…so that means, I looked at matches I’ve ground through for other reasons. I stuck to the ones where the teams were balanced. Once again, blowouts aren’t useful–none of us worry about those. The difference between winning 25-8 and 25-12 is nada. But that same 4-pt swing between 23-25 and 25-23…now we’re cooking with gas! So I skipped out on anything where both teams didn’t reach 20 (or 10 for a deciding set)
The first step I took was going back and counting how many rotations we played per set. Against evenly matched teams, we tend to go 14-15 rotations/set. The deciding set matches went 8-9 rotations. (I’m going with 15 and 9 since those work well with ‘6’ rotations–we’re considering the principle, the mileage for your team will vary)
That means in a regular set, we’re going around 2.5 times and a deciding set, 1.5. Essentially, it means that the players you start at left front and left back are most likely to be your hitters at the end of a set–and the one at middle front is next in line for importance.
That all is a long-winded secondary point–if you’re playing a team equal/close to yours, you’re going to want to lead with your best lineup (which means you should lead with it all the time so you don’t get cute/screw up your players with unexpected adjustments).
Now back to today’s program. From the previous article, the critical factor in winning a set are runs of 4-pts. We win (or our opponents defeat us) whenever they put together a set’s longest streak and those are 99% likely to be at least 4 consecutive points. What I didn’t consider was the question of “Does it matter when that streak takes place? The start of a set? The end of it?”
It’s a big question. Mathematically, a point is a point, each no more significant in value than any another (though there is math out there that can show that not every point is equally valuable once you take into account another concept that baseball calls ‘leverage’).
Remember–this is absolutely a small sample size–but if we are able to put together a 4-pt run in the first 10 points of a set, we win the set roughly 95% of the time (presuming we do not permit an equal-sized streak during that time). Also of note, I’ve found that the team that gets to ‘5’ first wins 70-75% of matches regardless of streaks. Since matches start as 50-50 propositions, those are two important factoids that drastically alter the potential outcome of a match in your favor.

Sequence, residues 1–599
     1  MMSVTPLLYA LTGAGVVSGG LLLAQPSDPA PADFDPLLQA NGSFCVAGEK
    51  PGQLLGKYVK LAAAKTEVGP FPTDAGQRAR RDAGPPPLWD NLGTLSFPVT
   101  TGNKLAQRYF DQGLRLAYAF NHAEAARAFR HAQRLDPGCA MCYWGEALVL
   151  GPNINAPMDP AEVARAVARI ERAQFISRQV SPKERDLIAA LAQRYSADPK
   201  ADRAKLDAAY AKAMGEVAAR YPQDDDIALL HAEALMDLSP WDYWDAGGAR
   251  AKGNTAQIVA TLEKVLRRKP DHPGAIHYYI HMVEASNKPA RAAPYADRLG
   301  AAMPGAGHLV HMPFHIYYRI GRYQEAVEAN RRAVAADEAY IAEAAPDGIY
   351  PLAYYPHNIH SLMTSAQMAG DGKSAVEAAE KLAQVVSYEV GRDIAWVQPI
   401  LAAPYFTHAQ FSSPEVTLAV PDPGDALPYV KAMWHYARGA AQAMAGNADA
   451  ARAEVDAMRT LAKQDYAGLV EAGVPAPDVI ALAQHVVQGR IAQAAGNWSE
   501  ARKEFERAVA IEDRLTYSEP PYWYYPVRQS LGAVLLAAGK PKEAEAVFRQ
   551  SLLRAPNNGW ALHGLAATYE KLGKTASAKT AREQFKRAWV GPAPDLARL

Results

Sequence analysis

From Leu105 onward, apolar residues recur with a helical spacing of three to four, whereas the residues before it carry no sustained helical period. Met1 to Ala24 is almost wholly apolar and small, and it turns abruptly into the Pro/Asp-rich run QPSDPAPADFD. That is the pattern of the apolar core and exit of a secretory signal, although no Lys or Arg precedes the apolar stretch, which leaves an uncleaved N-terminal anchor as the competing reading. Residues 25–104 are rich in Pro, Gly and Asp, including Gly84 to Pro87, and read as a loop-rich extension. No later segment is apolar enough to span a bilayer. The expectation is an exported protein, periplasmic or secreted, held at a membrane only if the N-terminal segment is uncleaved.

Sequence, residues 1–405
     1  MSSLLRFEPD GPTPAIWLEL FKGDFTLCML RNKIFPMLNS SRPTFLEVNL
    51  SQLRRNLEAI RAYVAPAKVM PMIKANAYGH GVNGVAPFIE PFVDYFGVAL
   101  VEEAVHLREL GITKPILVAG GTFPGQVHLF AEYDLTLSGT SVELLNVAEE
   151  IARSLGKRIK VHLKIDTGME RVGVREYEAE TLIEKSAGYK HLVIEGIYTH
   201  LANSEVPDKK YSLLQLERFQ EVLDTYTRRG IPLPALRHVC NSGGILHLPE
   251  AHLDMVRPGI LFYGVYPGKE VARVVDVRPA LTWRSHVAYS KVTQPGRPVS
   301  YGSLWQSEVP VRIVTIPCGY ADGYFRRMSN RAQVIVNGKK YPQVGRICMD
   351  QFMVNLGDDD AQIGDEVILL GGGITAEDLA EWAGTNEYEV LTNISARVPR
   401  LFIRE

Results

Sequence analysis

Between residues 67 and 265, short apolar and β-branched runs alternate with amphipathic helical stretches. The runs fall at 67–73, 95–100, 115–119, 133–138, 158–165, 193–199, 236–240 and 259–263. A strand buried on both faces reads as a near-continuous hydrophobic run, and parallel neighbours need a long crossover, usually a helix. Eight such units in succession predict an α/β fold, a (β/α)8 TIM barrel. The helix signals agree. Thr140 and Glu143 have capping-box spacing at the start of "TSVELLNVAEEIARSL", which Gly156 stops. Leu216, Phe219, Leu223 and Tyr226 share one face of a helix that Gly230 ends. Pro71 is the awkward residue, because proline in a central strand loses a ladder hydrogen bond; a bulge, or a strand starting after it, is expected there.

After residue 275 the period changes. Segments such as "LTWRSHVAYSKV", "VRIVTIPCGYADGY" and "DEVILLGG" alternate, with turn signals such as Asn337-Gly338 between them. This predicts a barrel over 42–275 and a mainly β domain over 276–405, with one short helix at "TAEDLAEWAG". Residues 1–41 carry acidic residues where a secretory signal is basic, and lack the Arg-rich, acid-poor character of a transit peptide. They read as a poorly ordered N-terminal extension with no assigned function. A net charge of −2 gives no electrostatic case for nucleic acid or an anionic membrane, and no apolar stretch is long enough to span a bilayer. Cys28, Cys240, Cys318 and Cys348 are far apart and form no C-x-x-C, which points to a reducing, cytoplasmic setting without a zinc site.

So–that means if you can crank out that 4-pt run straight out of the gate, you’re increasing your chance of winning at least 50% before you’ve gone 2-3 rotations, regardless of anything else (like your opponent getting a run later on), or if you are LLCC, you put your chances up at 95%..
I also found that these runs tend to happen early in most sets. There are two points which provide context/an explanation:
- They ‘can’t’ happen at the end of a close match because of the point-limit that ends games. My girls may be ready to go on a 5-pt roll, but if we’re already up 23-21, that ends after just 2 points.
- When up 2-0 in the match, long runs seem to happen equally at the end as at the start. The only guess I have for this is because the losing team is ready to pack it in rather than try and fight back for the rest of the set and two more after it…easier to just get ice, get food, go home.
There’s another thing going on (I think). I don’t believe in momentum, but I do believe in pressure. If we score 25pts in 15 rotations, that’s an average of 1.67/rotation. So–if we start with a 4pt run and then are statistically average from that point on, our opponent has to be above average in every rotation played for the remainder of the set. That means they’ll take more risks, potentially leading to opportunities for more runs of points.
A run of points out of the gate is essential. But I think that the next place it becomes significant is the end of a close match–as previously mentioned, I know every point is equal in value, but I just can’t get past the baseball concept of leverage and the importance of points/streaks later on for a team’s success. (For the record, we won 60% of matches where we had a streak after 20-20…3 of 5, way too small of a sample to draw conclusions)
The short lesson of all this:
Don’t get caught up in “I must put my setter at right-back” or “She’s my ‘best’ hitter, so she’ll start at left front”. Look at the data for your team and figure out which are your best two rotations for scoring and putting together that 4+pt streak. You may find the rotation most likely to pick up those points are with that setter in the front row (who knows–only you know your team!). Lead with your rotations that score!
If you like this or it made you think, consider clicking that ‘Follow’ button. Otherwise, you’ll have to remember to come back next week rather than get a notice!
If you’re interested in more stuff on volleyball that rambles a little less :), check out Like Heck She Isn’t a Volleyball Player available on Amazon and other internet bookstores. It’s a collection of 27 essays on all parts of the most exciting indoor (and outdoor) sport in the world.